A Murder Foretold
Unravelling the ultimate political conspiracy.
by David Grann April 4, 2011
Rodrigo Rosenberg knew that he was about to die. It wasn’t because he was approaching old age—he was only forty-eight. Nor had he been diagnosed with a fatal illness; an avid bike rider, he was in perfect health. Rather, Rosenberg, a highly respected corporate attorney in Guatemala, was certain that he was going to be assassinated.
Before he began, in the spring of 2009, to prophesy his own murder, there was little to suggest that he might meet a violent end. Rosenberg, who had four children, was an affectionate father. The head of his own flourishing practice, he had a reputation as an indefatigable and charismatic lawyer who had a gift for leading other people where he wanted them to go. He was lithe and handsome, though his shiny black hair had fallen out on top, leaving an immaculate ring on the sides. Words were his way of ordering the jostle of life. He spoke in eloquent bursts, using his voice like an instrument, his hands and eyebrows rising and falling to accentuate each note. (It didn’t matter if he was advocating the virtues of the Guatemalan constitution or of his favorite band, Santana.) Ferociously intelligent, he had earned master’s degrees in law from both Harvard University and Cambridge University.
Rosenberg had been born into Guatemala’s oligarchy—a term that still applies to the semi-feudal Central American nation, where more than half of its fourteen million people, many of them Mayan, live in severe poverty. His mother had inherited a small fortune, and his father had acquired several businesses, including a popular chain of cinemas. (As a boy, Rosenberg had spent hours in the plush seats, entranced by the latest American films.) Rosenberg was accustomed to privilege. A car enthusiast, he drove a Mercedes and made an annual pilgrimage to Indianapolis to watch Formula 1 races. He had been married twice but was now single, living in an elegant high-rise overlooking Guatemala City.
Though his wealth allowed him a desultory life, he was “driven and motivated by his goals,” as a relative put it. When he began his studies at Cambridge, he had spoken almost no English, so Rosenberg informed his professors that he had recently undergone surgery on his vocal cords, and could not yet talk in class; in the meantime, he bought a television and watched it each night with closed-captioning until, after three months, he spoke with confidence.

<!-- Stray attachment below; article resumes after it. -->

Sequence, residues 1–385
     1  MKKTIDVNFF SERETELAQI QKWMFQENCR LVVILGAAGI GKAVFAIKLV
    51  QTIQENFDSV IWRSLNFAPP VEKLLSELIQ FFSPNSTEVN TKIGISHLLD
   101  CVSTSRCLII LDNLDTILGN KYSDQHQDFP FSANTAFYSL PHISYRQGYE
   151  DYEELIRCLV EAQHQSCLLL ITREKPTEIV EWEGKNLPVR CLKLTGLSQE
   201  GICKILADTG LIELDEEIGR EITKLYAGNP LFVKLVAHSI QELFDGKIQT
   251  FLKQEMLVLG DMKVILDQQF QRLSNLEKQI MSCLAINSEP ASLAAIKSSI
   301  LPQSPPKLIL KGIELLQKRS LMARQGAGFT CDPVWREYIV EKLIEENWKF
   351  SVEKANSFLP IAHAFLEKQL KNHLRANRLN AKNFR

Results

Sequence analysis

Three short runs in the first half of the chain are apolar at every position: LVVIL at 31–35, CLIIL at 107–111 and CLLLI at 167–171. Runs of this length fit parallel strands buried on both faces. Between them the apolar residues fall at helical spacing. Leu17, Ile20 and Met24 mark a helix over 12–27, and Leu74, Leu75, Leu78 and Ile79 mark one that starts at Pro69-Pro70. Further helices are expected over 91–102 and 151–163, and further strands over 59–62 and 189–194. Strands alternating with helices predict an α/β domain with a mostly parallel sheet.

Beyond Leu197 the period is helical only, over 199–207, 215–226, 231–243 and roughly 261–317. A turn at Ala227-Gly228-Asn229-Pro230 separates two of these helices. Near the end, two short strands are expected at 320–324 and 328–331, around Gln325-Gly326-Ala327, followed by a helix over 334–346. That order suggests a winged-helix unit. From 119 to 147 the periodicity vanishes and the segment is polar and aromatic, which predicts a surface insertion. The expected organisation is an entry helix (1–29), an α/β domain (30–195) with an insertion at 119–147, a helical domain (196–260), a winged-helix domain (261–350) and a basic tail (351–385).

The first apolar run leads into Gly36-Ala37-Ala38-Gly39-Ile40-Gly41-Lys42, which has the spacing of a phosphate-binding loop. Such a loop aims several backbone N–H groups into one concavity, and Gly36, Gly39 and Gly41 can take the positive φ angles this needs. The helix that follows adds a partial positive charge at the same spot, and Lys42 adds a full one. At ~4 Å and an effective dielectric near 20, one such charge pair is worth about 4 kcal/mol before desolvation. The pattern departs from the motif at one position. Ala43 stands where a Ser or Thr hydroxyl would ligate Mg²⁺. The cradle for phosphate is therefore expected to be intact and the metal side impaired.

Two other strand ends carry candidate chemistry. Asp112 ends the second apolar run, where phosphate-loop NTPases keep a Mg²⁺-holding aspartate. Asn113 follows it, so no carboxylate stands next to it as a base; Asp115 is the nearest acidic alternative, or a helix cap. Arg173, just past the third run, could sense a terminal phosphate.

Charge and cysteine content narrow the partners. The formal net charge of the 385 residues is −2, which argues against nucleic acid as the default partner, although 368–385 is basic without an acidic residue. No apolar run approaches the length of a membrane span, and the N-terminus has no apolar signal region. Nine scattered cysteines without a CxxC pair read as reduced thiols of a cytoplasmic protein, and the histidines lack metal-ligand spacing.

He was not a religious man, but he maintained a stark sense of good and evil, castigating others, as well as himself, for transgressions. When he was a child, his father had abandoned the family, a betrayal that Rosenberg had never forgiven; he even refused to accept an inheritance that his father had left him. One of Rosenberg’s closest friends noted that, if he thought you had crossed him, he could be brutal: “He was always very honest—sometimes, perhaps, too honest. He would say things that are true, but sometimes things that are true that you shouldn’t mention.” Though Guatemala’s judicial system was notoriously corrupt, Rosenberg was drawn to the clarity of the law, to its unflinching judgment. He argued, successfully, before the Constitutional Court, Guatemala’s equivalent of the U.S. Supreme Court, and in 1998 he became the vice-dean of a prominent law school. At the same time, he served as counsel for some of Guatemala’s most powerful élites—its coffee barons and corporate executives and government officials.
And, according to Rosenberg, it was a case involving one of these clients, Khalil Musa, that had placed his life in jeopardy. A Lebanese immigrant, Musa had risen from poverty to great wealth, manufacturing textiles and producing coffee. Stern, traditional, and hardworking, he liked to recite the inspirational poetry of Khalil Gibran, and was admired as one of the few magnates in Guatemala who refused to plunder the state or make payoffs for favorable deals. At seventy-six, he suffered from vertigo, and he increasingly relied on the younger of his two daughters, Marjorie, to help him manage his business. Marjorie, who was forty-two, was married with two children, and she had an easy ebullience that infused her simple features with beauty. She had mastered the intricacies of finishing fabrics, and she had always been—as her sister, Aziza, acknowledges, without rancor—their father’s favorite.
Musa lived in an affluent neighborhood of Guatemala City, and Marjorie often drove him from their factory, on the outskirts of the capital, home for lunch. On April 14, 2009, they had set out on such a routine trip. The rainy season was a few weeks away, and so clouds had not obscured the steep volcanic cones that tower over the city, periodically showering the streets with ash. When Marjorie stopped at a red light, just outside the factory, a man got out of a car behind her and approached the Musas’ vehicle from the passenger side, as if to ask a question. He then aimed a 9-mm. pistol at Musa, and opened fire—a blur of smoke and light. The gunman sprinted to a motorcycle, where a driver was waiting for him, and hopped on the back seat. They sped away. The stoplight in front of the Musas’ car turned green, then red, and then green again, but the car remained in place, the engine still rumbling. One of the tinted windows on the passenger side had shattered, revealing father and daughter lying in one another’s blood. They had both been shot in the chest. The police arrived within minutes, but by then they were dead.